They still do better overall if generous public sector pensions are factored in, but Ben Zaranko, chief economist at IFS, said this would be “a little consolation” in the current cost-of-living crisis, as they would have a lower take-home wage. Short term.

As a result, the government loses workers to the private sector, where employers are more willing to raise wages in order to combat labor shortages and help employees deal with cost-of-living pressures.

Can the government afford the salaries of public sector employees more?

Jeremy Hunt, the finance minister, has argued that raising wages in line with inflation for all public sector workers would cost taxpayers around £28bn – or £1,000 per household.

This calculation assumes a wage increase of 11 percent in 2023-24, to expand the workforce as well as this year’s wage bonus.

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Economists say this is misleading. Unions are sparring over a wage deal for this year, not next, and the government has already factored wage deals in the region of 4 to 5 per cent into its spending plans.

Zaranko said that if the government were to deliver a two-fold increase in wages in the current financial year, the extra cost to the Exchequer would be closer to £10 billion, given that workers would pay part of it in taxes.

However, any meaningful increase would not be within reach of current spending plans. The government has minimal leeway against its fiscal goals. “It has to be accompanied by higher taxes,” Zaranko said.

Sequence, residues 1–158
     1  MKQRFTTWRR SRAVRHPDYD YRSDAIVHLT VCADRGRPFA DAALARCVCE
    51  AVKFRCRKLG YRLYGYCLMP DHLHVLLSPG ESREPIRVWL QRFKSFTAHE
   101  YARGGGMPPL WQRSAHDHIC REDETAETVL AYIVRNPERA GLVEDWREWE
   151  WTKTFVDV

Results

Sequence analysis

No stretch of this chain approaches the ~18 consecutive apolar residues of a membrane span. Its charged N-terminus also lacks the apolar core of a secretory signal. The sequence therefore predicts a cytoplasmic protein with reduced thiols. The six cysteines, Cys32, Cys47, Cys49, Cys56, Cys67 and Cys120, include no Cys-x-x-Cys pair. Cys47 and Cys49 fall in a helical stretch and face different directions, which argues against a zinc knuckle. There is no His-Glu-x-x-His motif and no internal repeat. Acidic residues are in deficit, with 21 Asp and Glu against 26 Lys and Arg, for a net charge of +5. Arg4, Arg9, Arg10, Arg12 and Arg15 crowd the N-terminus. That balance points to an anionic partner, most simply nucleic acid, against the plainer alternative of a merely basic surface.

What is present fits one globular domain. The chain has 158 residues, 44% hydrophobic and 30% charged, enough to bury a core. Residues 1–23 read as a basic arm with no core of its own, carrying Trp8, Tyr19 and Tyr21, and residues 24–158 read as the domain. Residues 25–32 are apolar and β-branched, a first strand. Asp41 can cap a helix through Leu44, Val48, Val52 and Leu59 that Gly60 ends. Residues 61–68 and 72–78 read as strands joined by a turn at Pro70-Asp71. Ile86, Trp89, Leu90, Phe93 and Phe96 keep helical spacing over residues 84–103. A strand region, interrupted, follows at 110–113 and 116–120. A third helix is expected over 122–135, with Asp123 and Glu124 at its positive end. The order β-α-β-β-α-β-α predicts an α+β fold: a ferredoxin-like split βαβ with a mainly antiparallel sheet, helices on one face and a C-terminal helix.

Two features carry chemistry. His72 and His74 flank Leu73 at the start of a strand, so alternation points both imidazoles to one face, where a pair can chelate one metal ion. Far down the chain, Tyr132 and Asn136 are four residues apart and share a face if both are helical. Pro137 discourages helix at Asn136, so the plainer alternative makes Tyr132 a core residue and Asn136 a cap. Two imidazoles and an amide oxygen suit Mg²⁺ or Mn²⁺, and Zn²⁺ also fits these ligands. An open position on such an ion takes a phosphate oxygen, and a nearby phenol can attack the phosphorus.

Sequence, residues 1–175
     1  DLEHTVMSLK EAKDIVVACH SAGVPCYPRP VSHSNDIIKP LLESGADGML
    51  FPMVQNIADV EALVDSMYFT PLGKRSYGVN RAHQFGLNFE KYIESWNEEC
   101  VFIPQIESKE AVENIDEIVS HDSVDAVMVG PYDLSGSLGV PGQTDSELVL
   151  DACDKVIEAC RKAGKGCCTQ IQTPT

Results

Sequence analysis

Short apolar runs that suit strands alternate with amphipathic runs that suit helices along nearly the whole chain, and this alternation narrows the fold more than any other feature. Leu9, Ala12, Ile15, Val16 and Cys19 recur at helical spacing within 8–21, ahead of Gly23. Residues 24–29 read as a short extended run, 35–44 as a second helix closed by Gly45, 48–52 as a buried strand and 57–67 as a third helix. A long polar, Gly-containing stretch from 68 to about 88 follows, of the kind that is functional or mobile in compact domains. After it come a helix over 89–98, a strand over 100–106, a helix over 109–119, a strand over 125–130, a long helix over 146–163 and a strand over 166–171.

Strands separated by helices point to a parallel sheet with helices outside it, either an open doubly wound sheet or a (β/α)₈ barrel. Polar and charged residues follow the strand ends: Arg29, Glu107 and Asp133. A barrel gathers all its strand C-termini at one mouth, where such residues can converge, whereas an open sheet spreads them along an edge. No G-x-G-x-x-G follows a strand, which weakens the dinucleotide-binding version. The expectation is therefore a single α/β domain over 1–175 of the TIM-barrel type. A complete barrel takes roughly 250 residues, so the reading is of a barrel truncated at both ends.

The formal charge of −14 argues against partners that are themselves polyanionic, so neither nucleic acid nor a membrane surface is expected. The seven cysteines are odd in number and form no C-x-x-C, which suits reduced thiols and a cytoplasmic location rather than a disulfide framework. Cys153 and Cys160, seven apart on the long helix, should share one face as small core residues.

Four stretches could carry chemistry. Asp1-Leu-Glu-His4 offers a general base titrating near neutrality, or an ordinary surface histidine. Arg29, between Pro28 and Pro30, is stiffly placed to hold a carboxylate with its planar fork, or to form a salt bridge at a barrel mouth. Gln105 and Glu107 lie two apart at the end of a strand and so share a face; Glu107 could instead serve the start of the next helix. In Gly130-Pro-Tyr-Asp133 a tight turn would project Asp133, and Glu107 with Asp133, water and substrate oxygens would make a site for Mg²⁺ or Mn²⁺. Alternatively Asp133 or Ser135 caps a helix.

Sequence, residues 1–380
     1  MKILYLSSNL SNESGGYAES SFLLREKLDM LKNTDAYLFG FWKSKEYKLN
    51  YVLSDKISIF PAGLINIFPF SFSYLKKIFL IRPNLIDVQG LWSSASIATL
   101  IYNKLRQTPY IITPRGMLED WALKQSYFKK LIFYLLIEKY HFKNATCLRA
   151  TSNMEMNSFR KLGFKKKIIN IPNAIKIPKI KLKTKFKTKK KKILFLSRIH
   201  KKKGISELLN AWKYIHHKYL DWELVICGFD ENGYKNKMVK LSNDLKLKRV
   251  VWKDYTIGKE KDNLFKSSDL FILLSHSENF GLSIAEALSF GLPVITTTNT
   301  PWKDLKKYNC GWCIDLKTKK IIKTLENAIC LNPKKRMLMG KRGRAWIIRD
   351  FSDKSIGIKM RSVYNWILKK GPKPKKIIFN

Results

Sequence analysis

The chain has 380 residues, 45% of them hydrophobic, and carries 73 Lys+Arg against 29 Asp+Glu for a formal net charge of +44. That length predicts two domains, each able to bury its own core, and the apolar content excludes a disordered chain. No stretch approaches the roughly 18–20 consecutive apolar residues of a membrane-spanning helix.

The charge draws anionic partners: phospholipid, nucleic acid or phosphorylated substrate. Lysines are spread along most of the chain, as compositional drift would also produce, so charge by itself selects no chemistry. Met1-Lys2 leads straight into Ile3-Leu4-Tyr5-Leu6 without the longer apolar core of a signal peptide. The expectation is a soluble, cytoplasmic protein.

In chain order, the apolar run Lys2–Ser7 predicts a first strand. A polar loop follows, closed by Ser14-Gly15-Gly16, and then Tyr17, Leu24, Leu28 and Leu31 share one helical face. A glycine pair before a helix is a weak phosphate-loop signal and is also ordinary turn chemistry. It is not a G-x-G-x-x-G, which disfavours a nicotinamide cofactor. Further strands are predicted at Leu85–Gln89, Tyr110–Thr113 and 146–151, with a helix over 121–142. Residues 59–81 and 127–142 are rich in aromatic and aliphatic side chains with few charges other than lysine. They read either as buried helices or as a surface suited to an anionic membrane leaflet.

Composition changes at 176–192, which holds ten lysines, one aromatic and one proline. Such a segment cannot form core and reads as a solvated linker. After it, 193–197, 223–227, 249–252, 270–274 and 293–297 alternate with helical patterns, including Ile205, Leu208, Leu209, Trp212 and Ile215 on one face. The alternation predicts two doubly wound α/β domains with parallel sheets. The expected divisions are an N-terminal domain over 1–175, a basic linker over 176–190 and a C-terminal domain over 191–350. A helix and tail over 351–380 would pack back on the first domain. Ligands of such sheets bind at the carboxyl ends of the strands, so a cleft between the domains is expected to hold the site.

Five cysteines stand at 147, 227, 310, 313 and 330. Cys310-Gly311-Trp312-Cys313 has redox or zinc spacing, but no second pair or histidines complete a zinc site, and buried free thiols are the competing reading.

Will offering higher salaries in the public sector increase inflation?

In theory, wage deals to reduce inflation could lead to an increase in inflation. If the government offered workers double-digit wage increases without compensating them through higher taxes, it would pump more money into the economy, adding to inflationary pressures.

But public sector wages currently lag so far behind the private sector that there is little danger that the government will set any precedent for an inflationary increase in wages by firms.

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Tony Yates, an independent economist and former Bank of England official, said that if an increase in public sector salaries appears inflationary, the central bank can in any case offset it by raising interest rates. However, if the government finances higher salaries by increasing taxes, there will be no effect on inflation.